This spectacular roast looks like a humble turkey when whole, but be ready to receive applause with grace and humility when you start to carve it. There are no bones to impede your progress as slice after perfect slice falls from your knife. The juxtaposition of sweet-tart kumquat, aromatic fennel, and velvety chestnuts in the stuffing is equally impressive.
Prep: 1 hour (plus 10 minutes for brine and rub)
Grill: 3 to 4 hours.
BBQ TOOLS AND EQUIPMENT
– Jumbo zipper-lock bag
– Grill screen
– Heavy-duty thread and large, sturdy needle, preferably curved (an upholstery needle works great)
– Kitchen twine
– Heavy-duty roasting pan with roasting rack
– Heat-resistant grill mitts.
DEBONING A TURKEY (OR ANY OTHER BIRD)
1. Place the bird, backbone up, on a large, rimmed sheet pan. Make a slit through the skin running straight down the center of the backbone. If you are right-handed, start boning the left side of the turkey first. (Left-handed? Start on the right side.) Using short strokes, work your knife just under the skin, separating the meat from the bone all the way down the length of the backbone. As you are cutting, you should feel bone against one side of the knife at all times. This will ensure that you aren’t leaving meat on the carcass. Use the illustrations below as a guide to the bone structure of the bird.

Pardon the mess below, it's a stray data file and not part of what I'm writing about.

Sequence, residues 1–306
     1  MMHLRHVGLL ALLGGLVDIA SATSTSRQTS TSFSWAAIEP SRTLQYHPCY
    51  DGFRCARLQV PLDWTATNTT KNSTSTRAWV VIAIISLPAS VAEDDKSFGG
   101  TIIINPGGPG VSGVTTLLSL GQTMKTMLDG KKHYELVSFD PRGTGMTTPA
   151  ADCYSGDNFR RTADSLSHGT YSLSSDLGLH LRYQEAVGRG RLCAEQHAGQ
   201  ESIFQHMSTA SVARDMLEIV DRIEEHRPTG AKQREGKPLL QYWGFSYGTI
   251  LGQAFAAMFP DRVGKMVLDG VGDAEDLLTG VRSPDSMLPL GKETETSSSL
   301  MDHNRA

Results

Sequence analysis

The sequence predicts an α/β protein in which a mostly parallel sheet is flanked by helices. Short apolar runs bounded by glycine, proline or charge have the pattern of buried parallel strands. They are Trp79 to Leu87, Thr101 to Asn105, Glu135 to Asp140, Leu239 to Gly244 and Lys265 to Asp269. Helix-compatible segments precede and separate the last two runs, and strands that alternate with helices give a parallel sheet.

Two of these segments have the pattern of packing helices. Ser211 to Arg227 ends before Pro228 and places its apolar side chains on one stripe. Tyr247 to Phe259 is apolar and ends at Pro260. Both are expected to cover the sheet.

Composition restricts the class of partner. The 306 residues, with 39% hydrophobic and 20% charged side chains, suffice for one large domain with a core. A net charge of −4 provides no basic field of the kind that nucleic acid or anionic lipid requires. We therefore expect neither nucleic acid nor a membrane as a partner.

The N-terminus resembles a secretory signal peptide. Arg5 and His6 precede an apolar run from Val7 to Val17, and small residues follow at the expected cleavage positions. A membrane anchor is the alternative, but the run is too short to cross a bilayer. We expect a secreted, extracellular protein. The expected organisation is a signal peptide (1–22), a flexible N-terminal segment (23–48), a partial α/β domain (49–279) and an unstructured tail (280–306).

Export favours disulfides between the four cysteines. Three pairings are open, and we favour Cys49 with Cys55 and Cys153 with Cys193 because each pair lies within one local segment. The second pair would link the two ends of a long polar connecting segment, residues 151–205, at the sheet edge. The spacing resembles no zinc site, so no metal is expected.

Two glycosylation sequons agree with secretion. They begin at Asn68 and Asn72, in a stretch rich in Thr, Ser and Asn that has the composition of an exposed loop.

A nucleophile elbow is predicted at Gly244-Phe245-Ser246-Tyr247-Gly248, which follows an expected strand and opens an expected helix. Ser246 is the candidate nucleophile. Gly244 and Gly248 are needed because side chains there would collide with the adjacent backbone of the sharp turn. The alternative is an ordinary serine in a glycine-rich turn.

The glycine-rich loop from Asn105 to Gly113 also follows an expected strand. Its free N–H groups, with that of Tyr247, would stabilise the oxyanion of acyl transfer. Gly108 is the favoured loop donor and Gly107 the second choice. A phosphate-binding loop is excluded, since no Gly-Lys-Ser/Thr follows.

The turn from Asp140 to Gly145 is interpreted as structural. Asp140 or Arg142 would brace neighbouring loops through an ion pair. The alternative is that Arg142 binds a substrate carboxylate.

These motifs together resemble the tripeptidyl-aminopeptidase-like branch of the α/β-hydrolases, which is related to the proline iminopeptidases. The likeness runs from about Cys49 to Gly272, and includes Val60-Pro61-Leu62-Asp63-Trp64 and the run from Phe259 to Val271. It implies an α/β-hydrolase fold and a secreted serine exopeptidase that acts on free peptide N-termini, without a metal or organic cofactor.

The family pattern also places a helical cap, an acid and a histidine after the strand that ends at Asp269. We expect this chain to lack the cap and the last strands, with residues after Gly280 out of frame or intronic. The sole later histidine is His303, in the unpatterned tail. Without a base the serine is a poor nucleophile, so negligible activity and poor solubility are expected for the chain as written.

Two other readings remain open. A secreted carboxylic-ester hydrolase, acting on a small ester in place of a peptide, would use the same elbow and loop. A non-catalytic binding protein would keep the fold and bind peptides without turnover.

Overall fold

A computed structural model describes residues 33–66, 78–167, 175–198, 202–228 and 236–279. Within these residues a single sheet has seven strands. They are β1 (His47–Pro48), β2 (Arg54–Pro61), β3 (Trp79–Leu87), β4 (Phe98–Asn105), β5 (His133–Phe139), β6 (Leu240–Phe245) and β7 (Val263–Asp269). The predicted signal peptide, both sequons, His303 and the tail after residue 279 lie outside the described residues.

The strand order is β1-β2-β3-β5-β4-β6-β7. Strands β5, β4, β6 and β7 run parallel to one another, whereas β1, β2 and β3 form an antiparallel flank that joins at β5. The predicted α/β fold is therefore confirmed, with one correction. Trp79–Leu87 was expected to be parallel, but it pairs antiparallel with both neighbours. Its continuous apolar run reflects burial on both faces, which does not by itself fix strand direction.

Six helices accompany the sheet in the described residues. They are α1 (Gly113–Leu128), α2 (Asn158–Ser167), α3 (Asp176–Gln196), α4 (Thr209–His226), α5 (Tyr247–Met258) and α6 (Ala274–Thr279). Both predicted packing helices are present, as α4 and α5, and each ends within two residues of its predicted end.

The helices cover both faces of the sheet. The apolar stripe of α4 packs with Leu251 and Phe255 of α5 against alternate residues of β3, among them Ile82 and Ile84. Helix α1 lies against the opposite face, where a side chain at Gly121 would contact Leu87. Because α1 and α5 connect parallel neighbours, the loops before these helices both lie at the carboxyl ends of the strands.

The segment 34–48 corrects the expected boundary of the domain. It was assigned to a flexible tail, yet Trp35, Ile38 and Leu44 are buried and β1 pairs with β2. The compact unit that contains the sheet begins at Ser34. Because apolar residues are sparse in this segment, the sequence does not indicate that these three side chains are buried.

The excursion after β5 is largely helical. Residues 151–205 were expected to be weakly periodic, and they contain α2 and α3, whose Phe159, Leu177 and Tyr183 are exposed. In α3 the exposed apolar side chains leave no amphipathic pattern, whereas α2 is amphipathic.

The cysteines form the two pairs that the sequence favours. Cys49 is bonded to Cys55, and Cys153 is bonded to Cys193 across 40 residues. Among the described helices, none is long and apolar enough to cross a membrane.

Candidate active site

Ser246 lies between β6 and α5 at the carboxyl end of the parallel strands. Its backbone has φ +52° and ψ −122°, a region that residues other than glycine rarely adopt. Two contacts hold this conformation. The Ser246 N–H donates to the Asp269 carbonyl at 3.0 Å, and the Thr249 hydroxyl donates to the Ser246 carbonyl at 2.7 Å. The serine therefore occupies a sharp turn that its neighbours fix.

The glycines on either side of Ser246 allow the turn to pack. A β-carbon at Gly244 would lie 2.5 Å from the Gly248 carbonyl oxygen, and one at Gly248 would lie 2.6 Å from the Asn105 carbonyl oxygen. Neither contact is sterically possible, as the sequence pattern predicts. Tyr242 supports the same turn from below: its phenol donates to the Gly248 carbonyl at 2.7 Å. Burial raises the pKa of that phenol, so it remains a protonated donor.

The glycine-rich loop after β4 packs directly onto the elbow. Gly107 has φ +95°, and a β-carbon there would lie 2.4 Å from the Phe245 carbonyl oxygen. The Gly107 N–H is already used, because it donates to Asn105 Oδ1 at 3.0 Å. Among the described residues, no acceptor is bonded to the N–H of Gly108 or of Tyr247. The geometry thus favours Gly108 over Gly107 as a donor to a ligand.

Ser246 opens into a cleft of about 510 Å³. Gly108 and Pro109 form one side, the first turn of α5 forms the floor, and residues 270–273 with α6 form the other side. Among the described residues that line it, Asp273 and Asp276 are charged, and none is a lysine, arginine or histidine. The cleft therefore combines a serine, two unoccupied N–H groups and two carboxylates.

2. After the meat is disengaged from the backbone, your knife will start to go over the outside of the rib cage. Continue to cut the meat from the rib cage in the same way that you disengaged it from the backbone. Soon you will come to where the leg joins the hip at one end of the turkey, and where the wing joins the shoulder at the other end. If you pull the limbs upward toward the backbone (in the opposite direction of the way they naturally move), the joints will pop out of their sockets. Cut through the tendons holding the joints in place, and the leg and wing will separate from the carcass.
3. In order to get the wing to disengage from the carcass, you will have to cut around the end of the wishbone and the thick bone that attaches the wing to the breast. In order to get the leg to disengage, you will have to cut around the hip bone and slit the membrane surrounding the internal cavity. The leg and wing will now fall away from the carcass.
4. To separate the breast from the carcass, continue to cut around the rib cage, still using short strokes and making sure that you feel bone against one side of the knife. Eventually you will get to the sternum (a large, flat bone that forms the arc of the breast). Scrape the meat from the sternum, stopping at its edge.